Annals of Microbiology

, Volume 65, Issue 2, pp 611–629 | Cite as

Diversity and phylogenetic profiling of niche-specific Bacilli from extreme environments of India

  • Ajar Nath Yadav
  • Priyanka Verma
  • Murugan Kumar
  • Kamal K. Pal
  • Rinku Dey
  • Alka Gupta
  • Jasdeep Chatrath Padaria
  • Govind T. Gujar
  • Sudheer Kumar
  • Archna Suman
  • Radha Prasanna
  • Anil K. SaxenaEmail author
Original Article


The diversity of culturable, aerobic and heterotrophic Bacillus and Bacillus-derived genera (BBDG) was investigated in various extreme environments (including thermal springs, cold deserts, mangroves, salt lakes, arid regions, salt pans and acidic soils) of India. Heat treatment followed by enrichment in different media led to a total of 893 bacterial isolates. Amplified ribosomal DNA restriction analysis (ARDRA) using three restriction enzymes AluI, MspI and HaeIII led to the clustering of these isolates into 12–74 groups for the different sites at 75 % similarity index, adding up to 559 groups. Phylogenetic analysis based on 16S rRNA gene sequencing led to the identification of 392 bacilli, grouped in two families, Bacillaceae (89.03 %) and Paenibacillaceae (10.97 %), and included 13 different genera with 75 distinct species. It was found that among the thirteen genera, nine (Bacillus, Halobacillus, Lysinibacillus, Oceanobacillus, Pontibacillus, Salinibacillus, Sediminibacillus, Thalassobacillus and Virgibacillus) belonged to Bacillaceae and four (Ammoniphilus, Aneurinibacillus, Brevibacillus and Paenibacillus) belonged to Paenibacillaceae. Novel isolates tolerant to low and high pH and temperature, salt and low moisture were identified. The major outcome of the present investigation was the identification of niche-specific species and also the ubiquitous presence of selected species of BBDG, which illustrate the diversity and pervasive nature of BBDG in extreme environments.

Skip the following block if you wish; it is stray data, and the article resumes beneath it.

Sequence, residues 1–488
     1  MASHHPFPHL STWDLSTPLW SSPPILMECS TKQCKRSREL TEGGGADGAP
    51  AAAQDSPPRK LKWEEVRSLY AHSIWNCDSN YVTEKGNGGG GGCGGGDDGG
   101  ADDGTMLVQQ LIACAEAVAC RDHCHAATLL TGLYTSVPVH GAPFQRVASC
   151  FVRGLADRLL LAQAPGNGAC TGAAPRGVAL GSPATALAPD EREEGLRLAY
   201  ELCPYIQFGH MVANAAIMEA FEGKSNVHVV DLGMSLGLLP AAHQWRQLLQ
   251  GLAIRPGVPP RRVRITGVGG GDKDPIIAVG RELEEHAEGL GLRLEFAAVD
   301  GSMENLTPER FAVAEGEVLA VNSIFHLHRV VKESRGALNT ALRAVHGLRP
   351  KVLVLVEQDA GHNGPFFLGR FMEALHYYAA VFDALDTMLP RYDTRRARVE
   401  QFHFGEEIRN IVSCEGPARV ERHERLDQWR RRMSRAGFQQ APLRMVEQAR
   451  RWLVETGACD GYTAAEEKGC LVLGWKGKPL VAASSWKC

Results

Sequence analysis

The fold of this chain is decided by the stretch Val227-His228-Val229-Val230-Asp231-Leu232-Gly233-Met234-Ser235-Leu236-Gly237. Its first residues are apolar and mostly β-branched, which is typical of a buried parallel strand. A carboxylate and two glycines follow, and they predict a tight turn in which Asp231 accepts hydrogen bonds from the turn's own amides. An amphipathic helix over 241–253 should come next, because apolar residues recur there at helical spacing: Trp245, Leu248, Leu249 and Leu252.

ARDRA Bacillus Bacillus derived genera 16S rRNA gene Extreme habitats 



The authors are grateful to the Division of Microbiology, Indian Agricultural Research Institute (IARI), New Delhi and the National Agricultural Innovation Project (NAIP), Indian Council of Agricultural Research for providing the facilities and financial support to undertake these investigations. There are no conflicts of interest.


The experiments undertaken comply with the current laws of India, the country where the investigation was undertaken.


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Copyright information

© Springer-Verlag Berlin Heidelberg and the University of Milan 2014

Authors and Affiliations

  • Ajar Nath Yadav
    • 1
  • Priyanka Verma
    • 1
  • Murugan Kumar
    • 1
  • Kamal K. Pal
    • 2
  • Rinku Dey
    • 2
  • Alka Gupta
    • 5
  • Jasdeep Chatrath Padaria
    • 3
  • Govind T. Gujar
    • 4
  • Sudheer Kumar
    • 6
  • Archna Suman
    • 1
  • Radha Prasanna
    • 1
  • Anil K. Saxena
    • 1
    Email author
  1. 1.Division of Microbiology, Indian Agricultural Research InstituteNew DelhiIndia
  2. 2.Directorate of Groundnut ResearchJunagadhIndia
  3. 3.National Research Centre for Plant BiotechnologyNew DelhiIndia
  4. 4.Division of Entomology, Indian Agricultural Research InstituteNew DelhiIndia
  5. 5.Central Plantation Crops Research InstituteKasargodIndia
  6. 6.National Bureau of Agriculturally Important MicroorganismsKusmaur, Maunath BhanjanIndia

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